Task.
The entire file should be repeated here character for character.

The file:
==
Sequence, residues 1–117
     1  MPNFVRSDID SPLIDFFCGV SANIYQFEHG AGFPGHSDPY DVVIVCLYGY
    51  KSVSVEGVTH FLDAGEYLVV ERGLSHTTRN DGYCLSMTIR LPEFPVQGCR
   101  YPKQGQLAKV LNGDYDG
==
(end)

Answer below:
Sequence, residues 1–117
     1  MPNFVRSDID SPLIDFFCGV SANIYQFEHG AGFPGHSDPY DVVIVCLYGY
    51  KSVSVEGVTH FLDAGEYLVV ERGLSHTTRN DGYCLSMTIR LPEFPVQGCR
   101  YPKQGQLAKV LNGDYDG